FA R G R A N T
A Chinese Company’s Roadmap to Success
via Its Reengineering System
This article is based on a study supported by IMA’s Foundation for Applied Research (FAR).
By Thomas W. Lin
China-based Haier provided more than 60,000 refrigerators, air conditioners, washing
machines, and water heaters for the 2008 Summer Olympics in Beijing. This type of suc-
cess was out of reach in 1984 because the company was nearly bankrupt. But Haier’s
restructuring effort has taken it from a nearly bankrupt refrigerator factory in Qingdao to
a company with global sales of US$17.71 billion in 2008.
December 2009 I S T R AT E G I C F I N A N C E 41
FAR GRA N T
Statistics from the restructuring effort
speak for themselves. From 2001 to 2004,
Haier reduced its production cycle by
70% and its production cost by 40%. At
the same time, Haier increased its cus-
tomer satisfaction rate by 60% and its
quality level by 40%. Additionally, its
new-product-development speed used to
range from six to 12 months. Today it’s
17 hours to three months.
It’s no ancient Chinese secret how
Haier turned itself around. The firm
implemented three management-control
systems: the OEC management-control Author Tom Lin (center) meets with Haier CEO Zhang Ruimin (left)
system (Overall; Everyday/Everyone/ and President Yang Mianmian.
Everything; Control and Clearance),
unique performance management systems, and the market- link to a customer. This allows the firm to convert exter-
chain-based business process reengineering system. nal market competition into a type of internal competi-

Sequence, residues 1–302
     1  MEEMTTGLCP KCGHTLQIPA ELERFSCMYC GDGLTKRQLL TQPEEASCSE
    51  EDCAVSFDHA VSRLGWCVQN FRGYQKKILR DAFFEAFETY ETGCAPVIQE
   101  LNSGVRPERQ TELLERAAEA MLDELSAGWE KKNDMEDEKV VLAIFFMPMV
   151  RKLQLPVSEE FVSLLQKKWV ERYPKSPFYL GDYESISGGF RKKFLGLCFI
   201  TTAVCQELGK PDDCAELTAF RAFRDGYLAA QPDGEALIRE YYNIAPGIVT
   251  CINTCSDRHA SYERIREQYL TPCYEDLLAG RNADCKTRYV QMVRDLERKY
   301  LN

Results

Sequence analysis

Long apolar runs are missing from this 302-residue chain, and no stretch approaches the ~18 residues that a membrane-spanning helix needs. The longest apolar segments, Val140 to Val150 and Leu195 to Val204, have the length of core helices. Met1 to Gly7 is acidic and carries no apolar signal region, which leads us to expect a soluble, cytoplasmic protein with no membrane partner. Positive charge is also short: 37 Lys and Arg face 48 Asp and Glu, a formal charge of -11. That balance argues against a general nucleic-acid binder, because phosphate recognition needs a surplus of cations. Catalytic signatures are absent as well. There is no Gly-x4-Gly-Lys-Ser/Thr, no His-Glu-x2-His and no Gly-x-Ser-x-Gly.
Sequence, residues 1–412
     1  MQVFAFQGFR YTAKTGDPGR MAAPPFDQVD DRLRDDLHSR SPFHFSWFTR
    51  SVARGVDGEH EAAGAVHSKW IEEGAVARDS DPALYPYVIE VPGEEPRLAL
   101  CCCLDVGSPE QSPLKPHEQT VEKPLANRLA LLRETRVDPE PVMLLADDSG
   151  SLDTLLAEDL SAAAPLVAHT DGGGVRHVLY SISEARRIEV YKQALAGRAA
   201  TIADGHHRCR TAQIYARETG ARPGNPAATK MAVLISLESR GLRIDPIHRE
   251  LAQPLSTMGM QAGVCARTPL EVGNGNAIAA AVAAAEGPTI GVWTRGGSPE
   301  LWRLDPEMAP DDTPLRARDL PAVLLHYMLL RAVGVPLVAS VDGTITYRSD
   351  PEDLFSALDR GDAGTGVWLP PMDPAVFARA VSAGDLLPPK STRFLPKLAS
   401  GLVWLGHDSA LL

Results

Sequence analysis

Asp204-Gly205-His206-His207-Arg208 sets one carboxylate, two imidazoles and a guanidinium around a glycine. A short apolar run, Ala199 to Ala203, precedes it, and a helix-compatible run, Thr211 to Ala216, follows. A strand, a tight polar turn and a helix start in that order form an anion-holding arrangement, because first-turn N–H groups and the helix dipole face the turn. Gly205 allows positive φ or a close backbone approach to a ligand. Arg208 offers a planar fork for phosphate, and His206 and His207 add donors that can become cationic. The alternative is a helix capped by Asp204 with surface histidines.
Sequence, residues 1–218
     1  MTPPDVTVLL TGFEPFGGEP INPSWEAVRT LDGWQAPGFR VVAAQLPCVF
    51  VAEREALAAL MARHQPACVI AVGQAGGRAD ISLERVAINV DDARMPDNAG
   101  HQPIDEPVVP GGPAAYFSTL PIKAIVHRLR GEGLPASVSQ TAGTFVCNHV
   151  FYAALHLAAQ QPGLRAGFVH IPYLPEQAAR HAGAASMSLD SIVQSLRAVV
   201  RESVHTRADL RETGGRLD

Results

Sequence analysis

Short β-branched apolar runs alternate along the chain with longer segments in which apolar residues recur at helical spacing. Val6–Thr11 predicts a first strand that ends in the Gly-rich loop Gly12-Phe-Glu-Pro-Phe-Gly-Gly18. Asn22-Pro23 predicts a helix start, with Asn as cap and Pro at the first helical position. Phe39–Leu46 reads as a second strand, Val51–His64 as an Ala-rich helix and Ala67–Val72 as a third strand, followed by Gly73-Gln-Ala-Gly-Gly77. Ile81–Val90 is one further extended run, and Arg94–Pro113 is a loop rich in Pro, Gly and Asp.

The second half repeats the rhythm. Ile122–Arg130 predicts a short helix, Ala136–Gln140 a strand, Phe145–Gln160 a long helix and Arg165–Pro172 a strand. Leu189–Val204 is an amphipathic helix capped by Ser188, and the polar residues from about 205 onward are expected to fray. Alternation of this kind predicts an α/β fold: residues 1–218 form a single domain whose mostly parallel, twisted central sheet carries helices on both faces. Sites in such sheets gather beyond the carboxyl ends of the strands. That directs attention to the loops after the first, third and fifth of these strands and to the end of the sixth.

Today, Haier Group is recognized as a world-class tion. Therefore, with employee compensation tied to
brand. On June 12, 2009, Haier ranked third among market performance, every employee provides the best
household appliance companies on Forbes’s Top 600 list performance to meet his or her customers’ needs.
of the “World’s Most Reputable Companies” for the sec- To do so, every Haier employee has a picture of the
ond consecutive year and first among Chinese companies. entire organization that shows how company parts inter-
In October 2009, Fortune China ranked Haier first for the relate. For example, the production department’s direct
fourth consecutive year in its list of “The Most Admired customer is the distribution department. If you ask an
Chinese Companies.” For a list of other honors, see “A Lot employee where an order comes from, he or she can tell
to Be Proud Of ” on p. 47. you. To understand the company’s entire market-chain
The May 2005 issue of Strategic Finance and the Spring system, each employee attends training at Haier University
2005 issue of Management Accounting Quarterly and learns everything from product development to pro-
described Haier’s OEC system, and the October 2006 duction and distribution.
issue of Strategic Finance described its unique perfor- Figure 1 shows the synchronous flow model of Haier’s
mance management systems. This article introduces its market chains. The top row shows the management
reengineering system. This system is based on a Chinese process of strategic planning, operation reporting, inter-
value: Every employee would rather be the head of a nal audit, and process and IT management. The second
chicken (i.e., an executive in a small company) than the row shows the supply chain planning that links with both
tail of an ox (i.e., a small manager in a large company). supplier relationship management (SRM) to obtain the